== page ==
Felix Fabri doesn’t write about his physical surroundings and he only identifies his geographical location by the names of the towns and cities that he visits. Instead, Fabri is focused on the people he meets: who they are, whether they’re traveling, where they’re from, etc. In his section on Venice, Fabri describes the other travelers he meets at the inn of St. George where he’s staying, identifying them by occupation, gender, social position, and which country they’ve traveled from. He is most interested in noting the religious figures he comes across, mentioning the “priests, monks, and laymen, gentle and simple, from Germany, from Gaul, and France, and especially two bishops” (3). He is mostly interested in people who are also embarking on pilgrimages. At one point, he describes six wealthy old women who are planning to embark on their own pilgrimage. He seems to admire them, writing that he ‘was astonished at [their] courage” (3). Fabri also mentions the noblemen he’s traveling with, describing them as “proud” and “haughty” (3-4). The nobles were displeased by the old women embarking on the pilgrimage with them, and refused to share the same ship with them. Fabri disagrees with this sentiment, prompting him to label the nobles “proud” and “haughty”. He goes so far as to write that he hopes the old women’s “holiness would render our voyage safer” (4).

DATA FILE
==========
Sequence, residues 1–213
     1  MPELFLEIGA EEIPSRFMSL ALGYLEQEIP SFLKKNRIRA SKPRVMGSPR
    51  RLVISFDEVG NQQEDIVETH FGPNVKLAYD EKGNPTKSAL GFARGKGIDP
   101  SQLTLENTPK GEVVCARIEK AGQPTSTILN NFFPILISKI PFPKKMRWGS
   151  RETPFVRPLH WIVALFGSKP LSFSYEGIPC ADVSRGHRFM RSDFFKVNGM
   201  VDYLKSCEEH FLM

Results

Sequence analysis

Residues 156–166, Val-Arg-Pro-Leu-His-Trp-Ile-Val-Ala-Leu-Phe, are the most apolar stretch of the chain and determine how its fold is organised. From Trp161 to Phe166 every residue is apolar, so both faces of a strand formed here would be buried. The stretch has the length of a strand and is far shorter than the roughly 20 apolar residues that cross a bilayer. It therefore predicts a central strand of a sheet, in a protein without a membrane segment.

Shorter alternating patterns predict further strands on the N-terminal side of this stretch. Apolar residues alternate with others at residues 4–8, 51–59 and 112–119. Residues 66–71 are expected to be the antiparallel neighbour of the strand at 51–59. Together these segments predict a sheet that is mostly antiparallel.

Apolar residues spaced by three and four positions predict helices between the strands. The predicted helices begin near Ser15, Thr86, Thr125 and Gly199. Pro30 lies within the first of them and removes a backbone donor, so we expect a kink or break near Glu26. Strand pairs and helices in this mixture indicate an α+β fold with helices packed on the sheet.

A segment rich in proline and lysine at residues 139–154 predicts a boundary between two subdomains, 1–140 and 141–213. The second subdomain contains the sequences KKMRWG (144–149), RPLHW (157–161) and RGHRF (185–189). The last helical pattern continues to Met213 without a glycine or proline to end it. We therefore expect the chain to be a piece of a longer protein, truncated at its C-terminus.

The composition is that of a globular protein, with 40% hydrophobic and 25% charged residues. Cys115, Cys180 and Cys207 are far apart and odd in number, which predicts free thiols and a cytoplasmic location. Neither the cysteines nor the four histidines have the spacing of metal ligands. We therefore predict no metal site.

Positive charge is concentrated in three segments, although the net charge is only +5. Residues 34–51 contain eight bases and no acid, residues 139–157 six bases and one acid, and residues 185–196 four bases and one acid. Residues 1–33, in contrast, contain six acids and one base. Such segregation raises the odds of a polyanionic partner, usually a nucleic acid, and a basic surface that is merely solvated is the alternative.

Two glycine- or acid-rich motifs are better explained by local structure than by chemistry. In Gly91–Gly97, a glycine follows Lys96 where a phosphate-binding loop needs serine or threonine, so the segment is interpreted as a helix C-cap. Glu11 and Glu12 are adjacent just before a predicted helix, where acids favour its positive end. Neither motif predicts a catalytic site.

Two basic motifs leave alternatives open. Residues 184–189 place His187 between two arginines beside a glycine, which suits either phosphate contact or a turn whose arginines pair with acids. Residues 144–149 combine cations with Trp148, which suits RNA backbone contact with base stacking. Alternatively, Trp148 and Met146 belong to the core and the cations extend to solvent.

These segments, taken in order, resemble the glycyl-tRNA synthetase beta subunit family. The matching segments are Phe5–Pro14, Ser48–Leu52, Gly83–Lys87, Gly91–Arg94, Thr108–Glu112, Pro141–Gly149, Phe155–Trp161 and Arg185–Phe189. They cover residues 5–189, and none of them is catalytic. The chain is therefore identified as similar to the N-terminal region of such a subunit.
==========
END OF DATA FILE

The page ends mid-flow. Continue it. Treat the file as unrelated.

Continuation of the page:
In terms of the practical aspects of Fabri’s journey, he keeps track of how he gets from place to place and what he does there. In this section, Fabri writes that they arrive in Venice by barque, and ask about inns for knights and pilgrims when they arrive at the Fondaco de’ Tedeschi. Fabri never mentions the date or time or how long he resides and any given place. He only briefly mentions the practical details of his journey and doesn’t feel the need to elaborate.

I found Fabri’s reaction to the traveling old women very interesting considering the time and place he inhabits. Whereas other people met these women with scorn and displeasure, Fabri found them to be all the more admirable and holy for their gender and age. He writes about their love for the Holy Land and their courage, impressed with their willingness to go through the trials and hardships of travel despite their age and lack of strength. He is obviously very religious and concerned with his own piety as well as the piety of others. His descriptions of these women seem to say that he finds suffering and the conquering of tribulation to be what makes pilgrimage holy. Fabri also mentions how their “love for the Holy Land” is what allowed these women to “forget their own frailty” and undergo “the labours of strong men” (3). He finds these women holy because they are motivated by love and that love gives them the strength to overcome the labor of travel. Given the way he views these women, we can assume that Fabri is mostly concerned with other people’s motivations to go on a pilgrimage and that he highly values devotion to God and admires people’s ability to overcome hardship in the name of God.